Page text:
WESTON, Sir Henry (1534/5-92), of Sutton Place, Surr.
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Family and Education
b. 1534/5, s. of Sir Francis Weston by Anne, da. and h. of Sir Christopher Pickering of Killington, Westmld.; half-bro. of Henry Knyvet and Thomas Knyvet I. m. (1) 1559, Dorothy, da. of Sir Thomas Arundell† of Wardour castle, Wilts. and Shaftesbury, Dorset, 2s. inc. Richard I 1da.; (2) Elizabeth, da. of Sir Francis Lovell of Harling, Norf., wid. of Henry Repps (d.1566), of West Walton, Norf., s.p. suc. fa. 17 May 1536, gd.-fa. Sir Richard Weston† 7 Aug. 1541. KB Jan. 1559.1
J.P. Surr. from c.1559, Norf. 1557, Isle of Ely from c.1579; sheriff, Surr. 1568-9; commr. musters 1574.2
In 1541 Henry Weston was left by the will of his grandfather, Sir Richard Weston, the extensive Weston estates, which, his father having been attainted, he could not at that time inherit. In 1549, when he was restored in blood, he was confirmed in the possession of lands at Clandon, Surrey, which had been leased to Sir Richard, and in 1560 he bought the ajoining manor of Merrow from the Crown for £248. He inherited his mother’s estates on her death in 1582, including lands in Surrey which had belonged to her second husband, Sir Henry Knyvet, and to her third husband, John Vaughan I.
Weston was made KB at Elizabeth’s coronation, the Queen perhaps showing him favour as much for his father’s fatal attentions to her mother, Anne Boleyn, as for his own recent service in the defence of Calais. His marriage to Dorothy Arundell made him kin both to the Queen and to the Howard family. In a grant of January 1560 he is described as ‘the Queen’s servant’ (though what office he held, if any, is unknown), and Elizabeth stayed at Sutton in August of that year. She had barely left when there was a fire at the house, in consequence of which Weston seems to have lived for the next few years at Clandon, where his sons were born.3
In 1564 Weston and Sir Edward Bray were, for some unascertained reason, imprisoned in the Fleet, being released on bail in November 1564, subject to attending in the Star Chamber every Friday. In the following month Weston was allowed to return home, providing he saw only his tenants on matters affecting their leases. His influence in Surrey was less than his wealth and connexions might suggest, being overshadowed by that of his neighbour, William More I of Loseley. At the end of 1558 Weston asked More for his support in the next election of knights of the shire, but the county returned to the Parliament of 1559 the two candidates to whom More was already pledged, rejecting not only Weston but also his kinsman, Charles Howard, son of Lord Howard of Effingham. Charles Howard gained the senior seat in the county in 1563, and More took the junior. In 1571, More took the junior seat once again, and Weston was returned with him, the Howard candidate, Charles Howard, perhaps being at sea. This was the only occasion on which Weston enjoyed the prestige of a county seat. There may have been some antipathy between himself and More: in a letter to More in 1591, Lord Howard recommended Weston, ‘his good friend and kinsman’, for the post of verderer in Windsor forest, but Howard was soon protesting that he had acted in ignorance of More’s preference for Lawrence Stoughton, whose candidature for the verderership he did not wish to oppose. In any event Weston owned the Hampshire borough of Petersfield, which he represented in Parliament on seven occasions. The only reference found to him in the journals of the House of Commons is to his membership of the subsidy committee, 7 Apr. 1571.4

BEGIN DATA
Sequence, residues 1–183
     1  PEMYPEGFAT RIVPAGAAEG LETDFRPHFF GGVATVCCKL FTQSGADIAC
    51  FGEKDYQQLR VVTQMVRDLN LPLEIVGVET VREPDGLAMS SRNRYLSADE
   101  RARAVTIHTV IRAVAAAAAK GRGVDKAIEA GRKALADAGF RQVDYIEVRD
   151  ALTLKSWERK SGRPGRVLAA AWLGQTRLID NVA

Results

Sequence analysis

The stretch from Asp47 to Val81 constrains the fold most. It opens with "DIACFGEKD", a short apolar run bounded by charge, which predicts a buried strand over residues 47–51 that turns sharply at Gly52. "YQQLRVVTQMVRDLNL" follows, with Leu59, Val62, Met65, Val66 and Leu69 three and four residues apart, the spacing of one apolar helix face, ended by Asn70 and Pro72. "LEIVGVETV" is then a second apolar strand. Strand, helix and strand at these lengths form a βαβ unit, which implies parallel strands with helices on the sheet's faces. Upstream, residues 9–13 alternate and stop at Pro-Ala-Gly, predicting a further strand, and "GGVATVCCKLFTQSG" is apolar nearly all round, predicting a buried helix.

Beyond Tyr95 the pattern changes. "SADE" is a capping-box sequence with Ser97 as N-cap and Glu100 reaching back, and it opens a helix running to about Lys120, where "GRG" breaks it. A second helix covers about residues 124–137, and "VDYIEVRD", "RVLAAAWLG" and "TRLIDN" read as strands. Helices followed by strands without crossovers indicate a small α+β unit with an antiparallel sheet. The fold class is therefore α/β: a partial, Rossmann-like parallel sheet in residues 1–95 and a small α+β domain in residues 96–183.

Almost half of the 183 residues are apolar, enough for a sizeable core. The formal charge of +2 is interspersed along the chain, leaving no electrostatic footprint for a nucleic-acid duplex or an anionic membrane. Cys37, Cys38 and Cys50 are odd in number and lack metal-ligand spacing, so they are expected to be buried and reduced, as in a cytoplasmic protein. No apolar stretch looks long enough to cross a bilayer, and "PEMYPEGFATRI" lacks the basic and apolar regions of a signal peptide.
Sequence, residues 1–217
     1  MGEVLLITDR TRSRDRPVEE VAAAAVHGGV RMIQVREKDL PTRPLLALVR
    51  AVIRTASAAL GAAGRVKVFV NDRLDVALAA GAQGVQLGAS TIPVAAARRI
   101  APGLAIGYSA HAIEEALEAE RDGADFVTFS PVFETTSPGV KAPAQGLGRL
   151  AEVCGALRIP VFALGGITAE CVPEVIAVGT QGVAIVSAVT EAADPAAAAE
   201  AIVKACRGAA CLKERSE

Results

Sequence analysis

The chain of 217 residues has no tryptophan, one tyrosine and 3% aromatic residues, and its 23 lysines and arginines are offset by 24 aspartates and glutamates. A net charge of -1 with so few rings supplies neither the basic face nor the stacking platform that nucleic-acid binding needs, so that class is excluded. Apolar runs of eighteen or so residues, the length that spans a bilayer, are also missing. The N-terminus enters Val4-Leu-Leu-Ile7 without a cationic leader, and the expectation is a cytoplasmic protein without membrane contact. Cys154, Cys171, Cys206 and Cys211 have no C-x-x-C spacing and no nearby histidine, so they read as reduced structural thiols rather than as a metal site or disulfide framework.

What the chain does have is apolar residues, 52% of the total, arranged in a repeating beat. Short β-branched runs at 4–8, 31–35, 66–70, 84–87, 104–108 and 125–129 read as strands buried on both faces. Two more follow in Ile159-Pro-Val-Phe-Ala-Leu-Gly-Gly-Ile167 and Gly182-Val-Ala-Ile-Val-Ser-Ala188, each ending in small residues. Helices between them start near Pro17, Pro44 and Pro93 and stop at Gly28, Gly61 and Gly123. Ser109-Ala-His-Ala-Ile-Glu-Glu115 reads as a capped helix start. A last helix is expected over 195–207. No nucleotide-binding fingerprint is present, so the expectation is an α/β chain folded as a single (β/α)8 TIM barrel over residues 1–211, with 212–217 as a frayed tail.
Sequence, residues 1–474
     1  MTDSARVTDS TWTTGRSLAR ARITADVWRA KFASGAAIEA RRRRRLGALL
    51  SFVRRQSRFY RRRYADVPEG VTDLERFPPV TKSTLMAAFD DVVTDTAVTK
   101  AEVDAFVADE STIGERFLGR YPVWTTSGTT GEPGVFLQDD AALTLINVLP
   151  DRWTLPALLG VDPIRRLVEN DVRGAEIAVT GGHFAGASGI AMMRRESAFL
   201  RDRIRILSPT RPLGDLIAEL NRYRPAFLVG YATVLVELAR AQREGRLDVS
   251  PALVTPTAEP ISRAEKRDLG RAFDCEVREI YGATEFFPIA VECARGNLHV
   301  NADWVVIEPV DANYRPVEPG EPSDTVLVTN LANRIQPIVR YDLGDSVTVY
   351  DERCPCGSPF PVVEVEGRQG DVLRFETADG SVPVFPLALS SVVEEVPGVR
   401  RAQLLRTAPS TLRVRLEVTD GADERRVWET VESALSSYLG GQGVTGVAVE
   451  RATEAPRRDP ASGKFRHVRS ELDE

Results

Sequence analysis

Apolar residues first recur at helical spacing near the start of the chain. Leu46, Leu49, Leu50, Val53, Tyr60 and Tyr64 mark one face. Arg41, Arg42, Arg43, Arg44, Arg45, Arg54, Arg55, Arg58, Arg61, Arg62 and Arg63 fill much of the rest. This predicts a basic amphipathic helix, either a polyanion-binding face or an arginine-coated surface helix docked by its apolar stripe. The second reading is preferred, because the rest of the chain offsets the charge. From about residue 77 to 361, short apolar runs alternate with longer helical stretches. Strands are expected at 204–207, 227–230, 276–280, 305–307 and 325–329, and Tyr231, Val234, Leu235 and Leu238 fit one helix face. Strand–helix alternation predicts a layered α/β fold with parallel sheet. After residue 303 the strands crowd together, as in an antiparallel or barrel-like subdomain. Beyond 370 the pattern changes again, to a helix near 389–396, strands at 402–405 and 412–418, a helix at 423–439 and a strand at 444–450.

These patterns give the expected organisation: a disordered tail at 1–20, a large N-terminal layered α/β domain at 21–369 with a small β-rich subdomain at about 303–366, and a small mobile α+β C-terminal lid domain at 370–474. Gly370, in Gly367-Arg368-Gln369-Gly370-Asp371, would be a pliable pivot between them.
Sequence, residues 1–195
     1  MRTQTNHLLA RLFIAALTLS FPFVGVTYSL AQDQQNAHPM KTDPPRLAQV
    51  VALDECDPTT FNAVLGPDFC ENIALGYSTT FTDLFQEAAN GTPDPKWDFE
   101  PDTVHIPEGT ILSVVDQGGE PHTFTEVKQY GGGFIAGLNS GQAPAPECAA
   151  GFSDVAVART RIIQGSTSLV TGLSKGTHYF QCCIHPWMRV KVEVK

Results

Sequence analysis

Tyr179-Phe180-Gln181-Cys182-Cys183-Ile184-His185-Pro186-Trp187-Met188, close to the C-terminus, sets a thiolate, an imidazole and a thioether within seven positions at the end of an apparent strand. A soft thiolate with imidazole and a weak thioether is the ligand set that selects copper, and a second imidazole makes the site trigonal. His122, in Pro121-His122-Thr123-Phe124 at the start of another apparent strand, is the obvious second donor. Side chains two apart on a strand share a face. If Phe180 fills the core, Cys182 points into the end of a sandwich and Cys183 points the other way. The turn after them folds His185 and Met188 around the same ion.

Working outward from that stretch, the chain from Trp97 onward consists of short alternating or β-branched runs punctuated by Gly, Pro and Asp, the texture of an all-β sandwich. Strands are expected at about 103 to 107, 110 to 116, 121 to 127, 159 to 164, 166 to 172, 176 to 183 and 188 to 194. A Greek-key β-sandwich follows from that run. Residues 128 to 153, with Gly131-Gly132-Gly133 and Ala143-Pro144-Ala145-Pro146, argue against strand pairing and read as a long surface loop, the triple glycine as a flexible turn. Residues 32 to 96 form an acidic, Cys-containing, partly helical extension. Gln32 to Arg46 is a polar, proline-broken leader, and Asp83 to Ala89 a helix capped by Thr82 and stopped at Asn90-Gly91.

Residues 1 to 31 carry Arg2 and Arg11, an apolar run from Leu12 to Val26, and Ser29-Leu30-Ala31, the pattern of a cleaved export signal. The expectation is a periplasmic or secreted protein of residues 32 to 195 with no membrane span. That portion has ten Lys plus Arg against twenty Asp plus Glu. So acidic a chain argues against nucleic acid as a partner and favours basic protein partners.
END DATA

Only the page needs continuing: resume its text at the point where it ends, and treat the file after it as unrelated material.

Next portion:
Though Weston ought to have taken the oath of supremacy as a Member of Parliament, and as a county official, he was sympathetic to Catholicism, and his name was on a list prepared in the interests of Mary Queen of Scots in 1574. The letter of 1569 in which Thomas Copley protested his Catholic faith and begged for neighbourly treatment, was addressed to Weston. In 1584 Weston asked to be relieved of the command of 250 Surrey levies because of the pressing business ‘in the north’, an excuse plausible enough, in view of his mother’s recent death. In any case he had married into a Norfolk family and become a justice in the Isle of Ely, where his second wife may have had estates. He contributed £100 to defence against the Armada. In 1591, the very year that Weston again entertained the Queen at Sutton, the Privy Council ordered a search for one Morgan, ‘an obstinate and seditious Papist’, who was
thought to be in Sutton, either in or about Sir Henry Weston’s house, or at least, if he be not there now, it is known that at times by starts he useth to come thither in secret sort, and perhaps not called by his right name.
This Morgan may have been a relative of William Morgan III, whom Weston mentions in the will he made in November 1588. He showed particular concern that his surviving son, Richard Weston, and daughter, Jane, should not disturb his bequests to his second wife, which included 1,600 sheep and the contents of the chamber called ‘my lord of Leicester’s chamber’. He died 11 Apr. 1592, and was buried near his grandfather, Sir Richard Weston, in Holy Trinity church, Guildford.